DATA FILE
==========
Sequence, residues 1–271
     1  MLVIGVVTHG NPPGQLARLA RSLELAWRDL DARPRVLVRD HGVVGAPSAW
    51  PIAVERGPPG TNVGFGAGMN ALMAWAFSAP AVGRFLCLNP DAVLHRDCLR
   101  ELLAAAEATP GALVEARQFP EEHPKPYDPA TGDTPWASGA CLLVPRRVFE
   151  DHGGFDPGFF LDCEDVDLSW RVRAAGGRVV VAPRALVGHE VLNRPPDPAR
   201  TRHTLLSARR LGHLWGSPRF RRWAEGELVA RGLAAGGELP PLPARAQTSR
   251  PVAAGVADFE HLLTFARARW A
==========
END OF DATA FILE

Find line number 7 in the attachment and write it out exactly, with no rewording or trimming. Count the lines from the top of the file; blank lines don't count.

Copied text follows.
   251  PVAAGVADFE HLLTFARARW A